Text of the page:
NEVILLE, Hon. Richard (1783-1858), of Billingbear, Berks.

Published in The History of Parliament: the House of Commons 1820-1832, ed. D.R. Fisher, 2009
Available from Cambridge University Press



6 Feb. 1805 - 1806
19 Feb. 1807 - 1807
1807 - 1812
1812 - 28 Feb. 1825

Family and Education

b. 26 Sept. 1783, 1st s. of Richard Aldworth Neville† (afterwards Griffin), 2nd Bar. Braybrooke, and Catherine, da. of George Grenville† of Wotton, Bucks. educ. Sunbury 1791; Eton 1796; Christ Church, Oxf. 1801 (MA Magdalene, Camb. 1811). m. 13 May 1819, Lady Jane Cornwallis, da. and coh. of Charles Cornwallis†, 2nd Mq. Cornwallis, 5s. (2 d.v.p.) 3da. suc. fa. as 3rd Bar. Braybrooke 28 Feb. 1825 and took name of Griffin as owner of Audley End, Essex in compliance with will of distant cos. John Griffin Griffin†, 1st Bar. Braybrooke (d. 1797). d. 13 Mar. 1858.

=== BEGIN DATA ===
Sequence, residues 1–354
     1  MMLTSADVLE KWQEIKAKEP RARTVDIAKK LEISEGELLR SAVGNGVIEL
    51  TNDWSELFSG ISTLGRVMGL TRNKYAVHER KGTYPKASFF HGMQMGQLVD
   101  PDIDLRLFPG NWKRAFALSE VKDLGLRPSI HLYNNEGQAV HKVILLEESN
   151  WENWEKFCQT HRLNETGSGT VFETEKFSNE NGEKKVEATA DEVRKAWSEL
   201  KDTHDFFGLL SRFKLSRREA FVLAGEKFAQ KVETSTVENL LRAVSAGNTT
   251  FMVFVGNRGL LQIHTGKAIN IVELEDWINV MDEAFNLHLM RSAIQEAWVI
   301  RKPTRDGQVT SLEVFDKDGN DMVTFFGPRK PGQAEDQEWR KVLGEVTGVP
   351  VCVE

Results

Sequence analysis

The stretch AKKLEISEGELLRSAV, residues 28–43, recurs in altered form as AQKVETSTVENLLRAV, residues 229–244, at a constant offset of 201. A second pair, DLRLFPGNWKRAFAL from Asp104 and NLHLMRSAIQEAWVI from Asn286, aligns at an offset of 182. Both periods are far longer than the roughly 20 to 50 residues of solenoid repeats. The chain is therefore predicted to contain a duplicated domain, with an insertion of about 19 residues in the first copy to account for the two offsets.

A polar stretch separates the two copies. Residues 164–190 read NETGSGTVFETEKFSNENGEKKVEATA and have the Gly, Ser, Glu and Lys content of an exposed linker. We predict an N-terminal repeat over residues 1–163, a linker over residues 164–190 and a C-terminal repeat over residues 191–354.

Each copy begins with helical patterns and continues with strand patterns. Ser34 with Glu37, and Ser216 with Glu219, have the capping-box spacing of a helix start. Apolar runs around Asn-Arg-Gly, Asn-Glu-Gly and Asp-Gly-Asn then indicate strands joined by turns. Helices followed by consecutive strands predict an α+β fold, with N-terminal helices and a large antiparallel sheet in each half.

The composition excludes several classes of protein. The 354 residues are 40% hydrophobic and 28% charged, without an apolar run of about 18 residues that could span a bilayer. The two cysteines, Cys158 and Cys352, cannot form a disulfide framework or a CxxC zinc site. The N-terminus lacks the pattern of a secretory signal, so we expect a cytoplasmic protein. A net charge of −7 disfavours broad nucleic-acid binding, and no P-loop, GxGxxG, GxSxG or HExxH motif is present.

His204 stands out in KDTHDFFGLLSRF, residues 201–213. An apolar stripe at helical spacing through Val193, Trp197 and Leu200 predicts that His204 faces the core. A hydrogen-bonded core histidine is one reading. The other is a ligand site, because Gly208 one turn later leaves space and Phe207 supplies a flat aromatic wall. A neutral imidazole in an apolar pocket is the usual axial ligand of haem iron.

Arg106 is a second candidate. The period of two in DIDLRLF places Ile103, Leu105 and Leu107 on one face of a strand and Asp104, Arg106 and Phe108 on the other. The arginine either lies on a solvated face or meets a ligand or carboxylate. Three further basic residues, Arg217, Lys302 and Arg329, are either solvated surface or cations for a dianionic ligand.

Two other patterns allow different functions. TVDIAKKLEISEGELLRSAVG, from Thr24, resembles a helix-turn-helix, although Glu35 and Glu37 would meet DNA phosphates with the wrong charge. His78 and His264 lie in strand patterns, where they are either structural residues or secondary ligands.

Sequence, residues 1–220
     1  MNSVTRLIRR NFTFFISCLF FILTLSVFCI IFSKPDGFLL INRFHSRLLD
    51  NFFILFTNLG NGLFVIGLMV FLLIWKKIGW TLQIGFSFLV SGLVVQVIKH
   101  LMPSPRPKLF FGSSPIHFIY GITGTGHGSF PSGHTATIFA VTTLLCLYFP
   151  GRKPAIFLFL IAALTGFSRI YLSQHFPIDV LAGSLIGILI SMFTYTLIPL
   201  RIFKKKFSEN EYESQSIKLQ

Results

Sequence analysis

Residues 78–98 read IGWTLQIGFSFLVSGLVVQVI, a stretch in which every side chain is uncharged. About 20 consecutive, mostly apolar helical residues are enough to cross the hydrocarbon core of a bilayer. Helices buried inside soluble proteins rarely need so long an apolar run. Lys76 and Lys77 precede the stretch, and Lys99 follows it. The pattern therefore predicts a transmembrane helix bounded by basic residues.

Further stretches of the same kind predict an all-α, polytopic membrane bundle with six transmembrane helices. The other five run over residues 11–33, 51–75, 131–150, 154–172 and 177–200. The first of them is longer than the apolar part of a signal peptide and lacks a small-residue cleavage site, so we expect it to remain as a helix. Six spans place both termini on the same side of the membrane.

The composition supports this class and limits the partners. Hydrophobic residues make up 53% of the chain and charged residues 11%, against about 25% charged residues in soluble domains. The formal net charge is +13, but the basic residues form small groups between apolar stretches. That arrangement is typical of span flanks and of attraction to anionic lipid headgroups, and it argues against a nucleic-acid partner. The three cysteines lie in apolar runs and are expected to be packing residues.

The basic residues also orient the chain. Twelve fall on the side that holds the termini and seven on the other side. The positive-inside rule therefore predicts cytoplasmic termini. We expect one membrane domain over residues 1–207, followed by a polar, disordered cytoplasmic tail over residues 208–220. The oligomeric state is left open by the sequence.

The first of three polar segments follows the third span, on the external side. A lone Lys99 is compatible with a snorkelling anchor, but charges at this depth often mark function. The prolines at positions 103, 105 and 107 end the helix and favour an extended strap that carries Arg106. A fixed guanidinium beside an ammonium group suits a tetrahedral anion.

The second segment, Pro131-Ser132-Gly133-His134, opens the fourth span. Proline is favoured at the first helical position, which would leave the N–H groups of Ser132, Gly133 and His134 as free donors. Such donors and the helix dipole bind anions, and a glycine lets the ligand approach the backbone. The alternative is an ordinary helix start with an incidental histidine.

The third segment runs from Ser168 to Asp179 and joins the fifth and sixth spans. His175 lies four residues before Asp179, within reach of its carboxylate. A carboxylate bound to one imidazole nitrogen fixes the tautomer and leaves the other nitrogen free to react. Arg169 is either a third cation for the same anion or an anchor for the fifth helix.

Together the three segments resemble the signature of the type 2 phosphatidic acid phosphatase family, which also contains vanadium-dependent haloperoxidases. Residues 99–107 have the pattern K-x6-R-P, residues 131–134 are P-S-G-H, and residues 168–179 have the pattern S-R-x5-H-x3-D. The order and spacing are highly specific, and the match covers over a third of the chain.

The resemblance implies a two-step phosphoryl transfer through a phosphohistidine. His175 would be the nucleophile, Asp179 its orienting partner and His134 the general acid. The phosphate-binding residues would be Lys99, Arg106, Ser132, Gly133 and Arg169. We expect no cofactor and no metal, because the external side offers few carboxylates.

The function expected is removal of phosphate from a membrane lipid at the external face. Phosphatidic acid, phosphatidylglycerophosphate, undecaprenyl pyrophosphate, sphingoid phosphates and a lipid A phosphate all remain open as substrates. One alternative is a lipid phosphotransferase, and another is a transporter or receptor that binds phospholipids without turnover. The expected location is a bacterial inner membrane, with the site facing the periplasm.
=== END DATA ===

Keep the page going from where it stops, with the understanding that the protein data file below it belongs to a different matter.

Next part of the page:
Offices Held

Recorder, Saffron Walden; high steward, Wokingham.

Capt. Berks. militia 1803.

Pres. Camden Soc. 1853-d.